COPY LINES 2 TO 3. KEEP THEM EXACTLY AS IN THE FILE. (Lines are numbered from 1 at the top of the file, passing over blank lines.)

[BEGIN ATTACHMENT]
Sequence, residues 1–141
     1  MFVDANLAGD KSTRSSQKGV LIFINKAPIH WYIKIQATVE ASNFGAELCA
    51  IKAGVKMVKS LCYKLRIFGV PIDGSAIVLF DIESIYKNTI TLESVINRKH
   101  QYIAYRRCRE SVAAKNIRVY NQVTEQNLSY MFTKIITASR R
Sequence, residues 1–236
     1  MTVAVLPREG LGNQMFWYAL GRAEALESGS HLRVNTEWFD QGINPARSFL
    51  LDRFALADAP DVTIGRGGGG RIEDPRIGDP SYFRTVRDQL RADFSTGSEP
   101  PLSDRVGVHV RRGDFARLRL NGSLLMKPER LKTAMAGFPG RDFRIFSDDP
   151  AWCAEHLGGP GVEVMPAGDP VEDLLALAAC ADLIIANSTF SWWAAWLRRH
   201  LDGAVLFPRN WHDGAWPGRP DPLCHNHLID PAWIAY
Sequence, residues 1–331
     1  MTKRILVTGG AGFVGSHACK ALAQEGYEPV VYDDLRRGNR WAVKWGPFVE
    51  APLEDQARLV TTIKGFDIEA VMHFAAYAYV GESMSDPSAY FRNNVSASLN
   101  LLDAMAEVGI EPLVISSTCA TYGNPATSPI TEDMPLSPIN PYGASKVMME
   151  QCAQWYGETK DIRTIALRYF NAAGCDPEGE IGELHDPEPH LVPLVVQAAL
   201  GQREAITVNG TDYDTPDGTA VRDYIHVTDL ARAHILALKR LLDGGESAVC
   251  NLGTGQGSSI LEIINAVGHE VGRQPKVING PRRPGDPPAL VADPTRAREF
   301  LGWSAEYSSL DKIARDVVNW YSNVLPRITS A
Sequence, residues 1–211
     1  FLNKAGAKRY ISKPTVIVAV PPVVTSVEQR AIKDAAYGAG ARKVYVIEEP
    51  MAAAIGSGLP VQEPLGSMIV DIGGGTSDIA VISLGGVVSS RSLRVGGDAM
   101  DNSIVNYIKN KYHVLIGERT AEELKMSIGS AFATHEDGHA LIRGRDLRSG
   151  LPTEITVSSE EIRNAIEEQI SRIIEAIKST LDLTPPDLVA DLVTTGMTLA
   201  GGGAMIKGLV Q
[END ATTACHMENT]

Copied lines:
     1  MFVDANLAGD KSTRSSQKGV LIFINKAPIH WYIKIQATVE ASNFGAELCA
    51  IKAGVKMVKS LCYKLRIFGV PIDGSAIVLF DIESIYKNTI TLESVINRKH